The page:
I am not someone who is intense about keeping my family germ-free. I feel it is important to expose ourselves to germs to allow our immune system a chance to fight off the invaders and learn from it. Our bodies cannot form antibodies without having previous knowledge of the bugs to fight off. BUT, I am not a doctor, so this is all my opinion and not to be taken any other way. **Disclaimer.

Anyway, we got sick and I didn't blog because we just ate whatever we got our hands on, including take-out. 

I am happy to report that a few days was enough for me. Having a strong immune system does not mean you do not ever get sick - it could (see Disclaimer above) mean you get better faster. I attribute that to our lifestyle and diet. 

Since the kids are not in any mood to cook - which I am sure is also due to the idea of it still being summer and they are still out of school - I will be messing around in the kitchen on their cooking days this week.

Because I love to support vegan chefs, and since Viva Vegan! by Terry Hope Romero has just come out (please use my link to Amazon through Vegan.com so Erik gets the commission), I have dedicated most of the menu this week to recipes from that cookbook. They sound enticing and simple enough to prepare. I love Latin food and it is great that someone has created and organized Latin recipes into one convenient format. Now I can at least stop searching and veganizing this ethnic cuisine!

Today's lunch (not from Viva Vegan!) was a simple quesadilla with a fresh tomato salsa. It was excellent!

Cost Breakdown:
tortillas: $3
pepper and mushroom: $3
tomato: $1
lime and onion: $1
Daiya: $.50
Total to make 4 servings:
$8.50



   

chocolate chip waffles

Cat's theory about cooking is, 'when in doubt, make waffles...or pancakes or french toast.' And when really in doubt, add chocolate chips.

Well, she did make some great waffles. What is more, she makes better waffles than I do. She made her batter thinner than I did, so I adjusted the Waffle Template Recipe I have on here.

What else is there to say, really? Waffles are tasty, the kids ate heartily and not a vegetable was in sight. Except the ones in my salad.

Go Cat!

Cost Breakdown:
flour: $.50
almond milk: $1
chocolate chips: $1
baking powder, salt: $.10
sugar: $.25
Total to make 6 waffles:
$2.85
 

lasagna bolognese

I had this scheduled for Sunday Dinner, but we had a guest tonight and she wanted the lasagna - "whatever the guest requests..." is our motto.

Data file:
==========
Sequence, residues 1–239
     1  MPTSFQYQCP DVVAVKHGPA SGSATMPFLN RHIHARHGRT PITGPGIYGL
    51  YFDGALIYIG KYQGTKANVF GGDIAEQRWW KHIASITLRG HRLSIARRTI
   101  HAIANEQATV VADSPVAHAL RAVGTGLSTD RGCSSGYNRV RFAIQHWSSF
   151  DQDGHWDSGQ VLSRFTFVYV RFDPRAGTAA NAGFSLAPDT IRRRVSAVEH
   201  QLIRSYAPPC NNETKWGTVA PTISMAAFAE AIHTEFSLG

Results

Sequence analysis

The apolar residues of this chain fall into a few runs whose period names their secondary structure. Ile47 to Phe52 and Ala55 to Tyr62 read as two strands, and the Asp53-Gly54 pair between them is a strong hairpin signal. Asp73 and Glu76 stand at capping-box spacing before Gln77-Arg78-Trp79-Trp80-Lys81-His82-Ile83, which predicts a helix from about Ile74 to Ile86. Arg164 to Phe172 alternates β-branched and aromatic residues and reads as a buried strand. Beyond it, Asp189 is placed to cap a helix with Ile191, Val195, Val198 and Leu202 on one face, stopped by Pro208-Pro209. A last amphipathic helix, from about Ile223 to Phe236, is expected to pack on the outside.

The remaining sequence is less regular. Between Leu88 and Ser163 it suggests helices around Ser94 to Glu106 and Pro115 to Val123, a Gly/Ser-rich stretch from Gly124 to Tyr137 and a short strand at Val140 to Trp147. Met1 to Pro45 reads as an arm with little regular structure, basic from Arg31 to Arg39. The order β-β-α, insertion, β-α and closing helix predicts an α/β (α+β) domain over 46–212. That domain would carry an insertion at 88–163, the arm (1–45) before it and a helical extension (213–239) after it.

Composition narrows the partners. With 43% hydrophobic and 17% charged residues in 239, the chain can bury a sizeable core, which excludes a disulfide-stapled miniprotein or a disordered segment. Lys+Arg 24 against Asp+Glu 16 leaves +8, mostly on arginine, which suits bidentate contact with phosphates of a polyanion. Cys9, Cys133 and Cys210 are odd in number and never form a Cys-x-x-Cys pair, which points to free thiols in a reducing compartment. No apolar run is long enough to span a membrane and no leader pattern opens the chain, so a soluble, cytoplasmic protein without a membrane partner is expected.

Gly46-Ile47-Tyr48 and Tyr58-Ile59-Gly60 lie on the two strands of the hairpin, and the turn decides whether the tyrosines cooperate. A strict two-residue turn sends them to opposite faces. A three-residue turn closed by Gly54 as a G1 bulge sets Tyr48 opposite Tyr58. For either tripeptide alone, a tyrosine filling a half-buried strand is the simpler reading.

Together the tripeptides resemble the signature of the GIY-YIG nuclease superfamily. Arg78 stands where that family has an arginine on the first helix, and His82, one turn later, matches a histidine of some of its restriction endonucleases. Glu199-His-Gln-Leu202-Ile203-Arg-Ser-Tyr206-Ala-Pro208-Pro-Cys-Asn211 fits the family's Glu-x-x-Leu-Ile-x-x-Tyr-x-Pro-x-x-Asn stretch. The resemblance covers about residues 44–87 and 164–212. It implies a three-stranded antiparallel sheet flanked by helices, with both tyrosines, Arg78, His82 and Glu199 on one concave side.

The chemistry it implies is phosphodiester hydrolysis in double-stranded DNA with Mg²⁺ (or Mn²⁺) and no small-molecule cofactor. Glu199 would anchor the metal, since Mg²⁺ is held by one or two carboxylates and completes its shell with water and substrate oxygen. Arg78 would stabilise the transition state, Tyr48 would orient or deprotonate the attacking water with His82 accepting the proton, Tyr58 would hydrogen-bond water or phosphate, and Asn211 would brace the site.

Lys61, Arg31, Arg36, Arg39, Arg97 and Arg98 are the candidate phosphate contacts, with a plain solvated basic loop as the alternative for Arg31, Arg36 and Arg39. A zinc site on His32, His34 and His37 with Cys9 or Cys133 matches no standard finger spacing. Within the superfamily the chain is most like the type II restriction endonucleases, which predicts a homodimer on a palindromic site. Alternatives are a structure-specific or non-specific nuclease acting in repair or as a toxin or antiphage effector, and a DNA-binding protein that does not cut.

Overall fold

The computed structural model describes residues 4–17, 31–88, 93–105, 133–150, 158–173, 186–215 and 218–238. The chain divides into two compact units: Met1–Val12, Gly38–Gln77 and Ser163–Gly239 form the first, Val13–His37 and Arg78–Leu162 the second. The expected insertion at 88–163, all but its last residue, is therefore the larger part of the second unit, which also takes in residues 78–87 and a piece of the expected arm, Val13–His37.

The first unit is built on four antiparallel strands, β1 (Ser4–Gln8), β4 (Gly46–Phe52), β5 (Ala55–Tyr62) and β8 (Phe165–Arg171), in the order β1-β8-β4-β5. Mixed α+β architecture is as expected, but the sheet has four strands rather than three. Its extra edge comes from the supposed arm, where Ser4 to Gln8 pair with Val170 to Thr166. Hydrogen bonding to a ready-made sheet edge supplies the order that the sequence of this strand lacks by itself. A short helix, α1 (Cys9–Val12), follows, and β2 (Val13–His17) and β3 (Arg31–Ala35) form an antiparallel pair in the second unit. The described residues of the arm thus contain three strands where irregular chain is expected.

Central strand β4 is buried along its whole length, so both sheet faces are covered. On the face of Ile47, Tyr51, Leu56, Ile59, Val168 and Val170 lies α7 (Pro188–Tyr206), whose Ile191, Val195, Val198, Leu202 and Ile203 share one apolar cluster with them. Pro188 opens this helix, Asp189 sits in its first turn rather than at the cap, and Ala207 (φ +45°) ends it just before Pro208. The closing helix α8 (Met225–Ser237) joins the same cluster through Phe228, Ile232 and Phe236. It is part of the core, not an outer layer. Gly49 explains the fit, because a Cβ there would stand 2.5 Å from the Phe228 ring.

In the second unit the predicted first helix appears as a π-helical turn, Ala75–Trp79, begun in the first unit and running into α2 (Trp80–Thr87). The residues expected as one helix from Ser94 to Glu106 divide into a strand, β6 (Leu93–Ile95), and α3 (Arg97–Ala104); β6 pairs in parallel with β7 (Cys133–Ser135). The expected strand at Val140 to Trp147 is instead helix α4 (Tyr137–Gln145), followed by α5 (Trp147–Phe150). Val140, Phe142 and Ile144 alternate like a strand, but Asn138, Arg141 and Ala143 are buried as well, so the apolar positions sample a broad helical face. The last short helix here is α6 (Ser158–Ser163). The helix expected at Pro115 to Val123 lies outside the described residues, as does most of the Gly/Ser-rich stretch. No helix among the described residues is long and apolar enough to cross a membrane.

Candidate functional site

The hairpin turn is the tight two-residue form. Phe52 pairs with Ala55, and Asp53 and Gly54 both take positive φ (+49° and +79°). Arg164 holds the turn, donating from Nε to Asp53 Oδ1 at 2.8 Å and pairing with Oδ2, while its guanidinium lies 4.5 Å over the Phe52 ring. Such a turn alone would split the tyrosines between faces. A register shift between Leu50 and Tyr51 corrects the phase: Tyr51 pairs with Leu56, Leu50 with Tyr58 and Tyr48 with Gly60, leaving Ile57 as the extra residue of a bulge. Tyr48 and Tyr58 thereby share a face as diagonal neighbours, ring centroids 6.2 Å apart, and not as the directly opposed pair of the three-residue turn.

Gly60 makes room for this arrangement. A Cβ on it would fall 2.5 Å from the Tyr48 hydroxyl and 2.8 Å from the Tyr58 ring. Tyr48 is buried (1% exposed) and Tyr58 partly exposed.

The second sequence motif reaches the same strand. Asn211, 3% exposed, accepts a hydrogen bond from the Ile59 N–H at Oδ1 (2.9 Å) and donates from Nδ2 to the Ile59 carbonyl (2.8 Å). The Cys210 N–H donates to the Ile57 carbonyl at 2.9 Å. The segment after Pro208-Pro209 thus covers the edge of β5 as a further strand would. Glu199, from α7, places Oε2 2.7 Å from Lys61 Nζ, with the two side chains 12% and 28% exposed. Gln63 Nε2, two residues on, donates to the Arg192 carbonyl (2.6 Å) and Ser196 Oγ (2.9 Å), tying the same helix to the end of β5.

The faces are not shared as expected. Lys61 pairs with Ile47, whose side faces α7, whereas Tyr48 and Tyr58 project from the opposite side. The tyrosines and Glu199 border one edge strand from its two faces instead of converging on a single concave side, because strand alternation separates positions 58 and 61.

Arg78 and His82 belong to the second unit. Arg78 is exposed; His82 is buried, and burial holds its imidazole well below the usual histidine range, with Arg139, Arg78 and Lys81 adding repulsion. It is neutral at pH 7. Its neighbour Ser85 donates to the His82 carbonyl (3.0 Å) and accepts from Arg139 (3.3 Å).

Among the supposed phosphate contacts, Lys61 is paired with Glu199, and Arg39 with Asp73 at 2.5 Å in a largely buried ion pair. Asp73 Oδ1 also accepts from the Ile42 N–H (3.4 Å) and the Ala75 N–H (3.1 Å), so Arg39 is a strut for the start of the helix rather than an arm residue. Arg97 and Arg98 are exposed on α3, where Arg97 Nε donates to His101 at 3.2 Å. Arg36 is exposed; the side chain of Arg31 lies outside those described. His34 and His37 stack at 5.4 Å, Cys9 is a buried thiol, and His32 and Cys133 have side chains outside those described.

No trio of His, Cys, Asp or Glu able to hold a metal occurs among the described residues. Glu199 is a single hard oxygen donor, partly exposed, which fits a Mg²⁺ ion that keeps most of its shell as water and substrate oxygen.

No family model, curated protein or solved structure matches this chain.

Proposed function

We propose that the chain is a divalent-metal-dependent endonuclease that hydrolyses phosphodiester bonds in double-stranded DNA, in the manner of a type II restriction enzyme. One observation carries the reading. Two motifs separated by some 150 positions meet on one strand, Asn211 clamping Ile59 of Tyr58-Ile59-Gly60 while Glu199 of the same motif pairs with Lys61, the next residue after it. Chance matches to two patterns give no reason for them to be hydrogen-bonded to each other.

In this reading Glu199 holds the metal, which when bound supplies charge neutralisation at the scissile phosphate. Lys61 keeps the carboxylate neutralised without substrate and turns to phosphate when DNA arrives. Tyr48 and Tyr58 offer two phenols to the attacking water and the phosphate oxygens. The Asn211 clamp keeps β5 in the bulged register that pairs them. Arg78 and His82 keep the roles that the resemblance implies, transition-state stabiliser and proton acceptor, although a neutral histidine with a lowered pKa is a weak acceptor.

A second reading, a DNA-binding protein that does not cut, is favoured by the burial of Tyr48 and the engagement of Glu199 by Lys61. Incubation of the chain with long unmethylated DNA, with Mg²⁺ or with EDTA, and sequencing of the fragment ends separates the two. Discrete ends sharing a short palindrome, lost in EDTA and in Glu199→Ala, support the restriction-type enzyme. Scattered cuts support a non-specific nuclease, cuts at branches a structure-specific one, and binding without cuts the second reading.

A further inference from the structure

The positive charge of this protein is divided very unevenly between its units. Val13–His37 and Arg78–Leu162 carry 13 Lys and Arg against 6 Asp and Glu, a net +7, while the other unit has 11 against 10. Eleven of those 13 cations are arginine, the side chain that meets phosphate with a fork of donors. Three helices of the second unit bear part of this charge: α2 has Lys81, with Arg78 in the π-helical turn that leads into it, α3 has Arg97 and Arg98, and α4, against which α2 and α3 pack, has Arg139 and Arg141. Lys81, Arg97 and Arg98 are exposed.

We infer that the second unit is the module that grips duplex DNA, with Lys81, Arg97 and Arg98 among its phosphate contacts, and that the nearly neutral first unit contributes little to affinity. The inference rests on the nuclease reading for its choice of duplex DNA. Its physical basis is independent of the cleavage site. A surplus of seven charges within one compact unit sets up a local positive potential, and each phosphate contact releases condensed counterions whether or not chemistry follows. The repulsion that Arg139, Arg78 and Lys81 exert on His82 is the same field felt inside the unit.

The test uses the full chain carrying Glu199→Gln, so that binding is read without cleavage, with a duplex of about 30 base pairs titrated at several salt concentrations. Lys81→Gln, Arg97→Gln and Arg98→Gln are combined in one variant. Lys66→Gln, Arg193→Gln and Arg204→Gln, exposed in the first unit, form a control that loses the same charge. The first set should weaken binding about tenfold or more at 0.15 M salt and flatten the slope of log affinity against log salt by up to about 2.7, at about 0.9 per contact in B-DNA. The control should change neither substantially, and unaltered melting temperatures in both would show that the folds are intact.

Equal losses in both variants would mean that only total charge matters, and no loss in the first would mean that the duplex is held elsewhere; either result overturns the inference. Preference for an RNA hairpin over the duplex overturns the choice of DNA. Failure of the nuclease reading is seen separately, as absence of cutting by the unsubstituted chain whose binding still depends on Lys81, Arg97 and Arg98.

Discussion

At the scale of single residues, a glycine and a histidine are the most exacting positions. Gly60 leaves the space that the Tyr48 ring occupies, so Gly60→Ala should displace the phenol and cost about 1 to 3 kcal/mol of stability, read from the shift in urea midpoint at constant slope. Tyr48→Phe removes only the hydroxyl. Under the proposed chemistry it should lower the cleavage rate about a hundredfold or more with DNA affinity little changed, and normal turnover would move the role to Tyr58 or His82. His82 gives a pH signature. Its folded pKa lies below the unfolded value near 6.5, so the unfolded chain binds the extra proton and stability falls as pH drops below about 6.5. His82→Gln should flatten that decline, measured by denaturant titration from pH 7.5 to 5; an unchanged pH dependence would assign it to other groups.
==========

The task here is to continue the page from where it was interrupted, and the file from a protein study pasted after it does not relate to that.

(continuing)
This is a favorite of Cat and she is the one who wanted this put on the menu. She likes this one better than the American Lasagna with the tomato sauce.

This is more authentic in that it has a white sauce (bechamel), ground 'meat' and a sprinkle of parm. Although I used Boca for my meat, it is easy to use seitan ground up or even a vegetable - although this I have not been allowed to test yet since I have vegan children who do not like vegetables - ironic, hmm?

The ground meaty sub is cooked for 2 hours on simmer in a creamy broth (this is the bolognese part) and a smooth velvety white sauce tops it in the layers of lasagna noodles. The bolognese sauce, white sauce, noodles and Parma! (a parm sub that is so good for you - having only walnuts (Omega-3 Fatty Acids), nutritional yeast (B12) and sea salt) are the only other components to this lasagna.

This lasagna can be totally soy-free and wheat-free with a proper wheat-free noodle.


It is a hit every time, although I remember the first time making it with some trepidation - it is not a traditional American Lasagna with the tomato sauce and cheese.
Different but just as good, if not better.

Cost Breakdown:
noodles: $3
ground soy: $5
carrot, onion, garlic, herb: $2
cashews: $3
wine and stock: $1
Parma!: $1
Total to make 10 servings:
$15.00

quick cassoulet

What makes a cassoulet a cassoulet? White beans. The rest is preference. Tomato sauce, sausage, duck - or any animal - carrots, etc. Traditionally cassoulets take hours to bake, but it is summer time and there is no room in this house for hours of heat!

I used some Tofurkey for my cassoulet, but had I seen the zucchini lurking in the back of the crisper drawer, it would have usurped the sausage for sure. Other vegetables, especially harder ones like winter squash, turnip, parsnip, cabbage or cauliflower would also have been a fine addition in lieu of the soy.

I topped the cassoulet with breadcrumbs sauteed in a pan with garlic, spring onions and parsley.

It was ready fast and tasted lovely. In the winter I will make a true cassoulet, but for today the Summer Cassoulet was just right.


Cost Breakdown

beans: $4
carrot, onion, garlic: $2
tomatoes: $3
panko: $1
Total to feed a family of 5:
$10.00

kung pao tofu

Asian Night

Kung Pao Tofu was Mikel's favorite dish from Whole Foods when we veganized. At about $10 a container it was something we had to make at home.

Whole Foods did this really neat thing - they put the ingredients on the label. All I had to do was figure out the how much and how to cook it. Easy enough since Kung Pao Tofu is tofu with a sauce and peanuts.

They used brown rice syrup for the sweetener and brown rice vinegar for the acid. Please note that this is an Americanized version of Kung Pao, which originally is not so very sweet; there is a hint of sweetness but it is the vinegar that is the accented flavor in the sauce.

I wrapped my tofu to extract the water and make it absorb the homemade teriyaki sauce as well as hold together when I saute it on my enameled griddle. I love this griddle because tofu does not stick to it - like a nonstick, but safer.


This meal is a great rendition of Kung Pao, even if it is the American version.


Cost Breakdown:


tofu: $4
rice syrup: $1.50
vinegar, tamari, spices: $2
peppers, garlic, scallions: $3
rice: $1
peanuts: $1
Total to feed a family of 5:
$12.50